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Economy, nukes top agenda as Iran elects president

Iran elects on Friday a successor to President Mahmoud Ahmadinejad, whose eight years in office have been marked by stiff Western sanctions over Tehran’s controversial nuclear drive and the economic turmoil they have caused.

When Ahmadinejad was re-elected for a second term in 2009, widespread charges of voter fraud sparked massive street protests.

Suppressed by a brutal state crackdown, those protests plunged Iran into its worst crisis since the establishment of the Islamic republic in 1979.

The Guardians Council, an unelected vetting body, approved only eight men out of 686 hopefuls to stand in the election, and the list is dominated by conservatives close to supreme leader Ayatollah Ali Khamenei.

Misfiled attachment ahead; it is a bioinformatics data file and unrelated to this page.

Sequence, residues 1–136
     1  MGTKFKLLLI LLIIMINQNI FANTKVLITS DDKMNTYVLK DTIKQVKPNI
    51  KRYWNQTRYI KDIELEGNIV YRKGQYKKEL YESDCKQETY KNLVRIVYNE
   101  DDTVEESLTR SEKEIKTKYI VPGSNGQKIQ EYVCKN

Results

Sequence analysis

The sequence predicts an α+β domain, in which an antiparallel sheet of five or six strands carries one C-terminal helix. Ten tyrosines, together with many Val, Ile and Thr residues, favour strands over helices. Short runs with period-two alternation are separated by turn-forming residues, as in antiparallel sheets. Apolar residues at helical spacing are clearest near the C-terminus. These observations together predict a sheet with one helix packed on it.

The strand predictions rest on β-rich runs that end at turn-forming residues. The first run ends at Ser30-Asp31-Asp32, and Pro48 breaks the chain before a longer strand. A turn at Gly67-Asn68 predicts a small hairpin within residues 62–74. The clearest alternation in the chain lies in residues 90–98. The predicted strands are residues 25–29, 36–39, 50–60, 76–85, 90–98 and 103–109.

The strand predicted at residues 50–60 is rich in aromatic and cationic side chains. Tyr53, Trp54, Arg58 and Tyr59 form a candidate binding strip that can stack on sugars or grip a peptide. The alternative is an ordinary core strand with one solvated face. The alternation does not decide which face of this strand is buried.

That fits with Khamenei’s desire for ‘an orderly, calm and undisputed election,’ said Alireza Nader, a researcher at the RAND Corporation, the American policy research institute.

At the forefront of a Western confrontation with Iran over its nuclear programme, the United States and France have denounced the ‘lack of transparency’ in the campaign.

Akbar Hashemi Rafsanjani, a prominent figure in the Iranian revolution who served as president from 1989 to 1997, was surprisingly barred from running, as was Esfandiar Rahim Mashaie, a divisive figure close to the incumbent.

Considered a would-be favourite by marginalised reformists and moderates, Rafsanjani, 78, has lost much of his political stock in recent years and fallen out with Khamenei.
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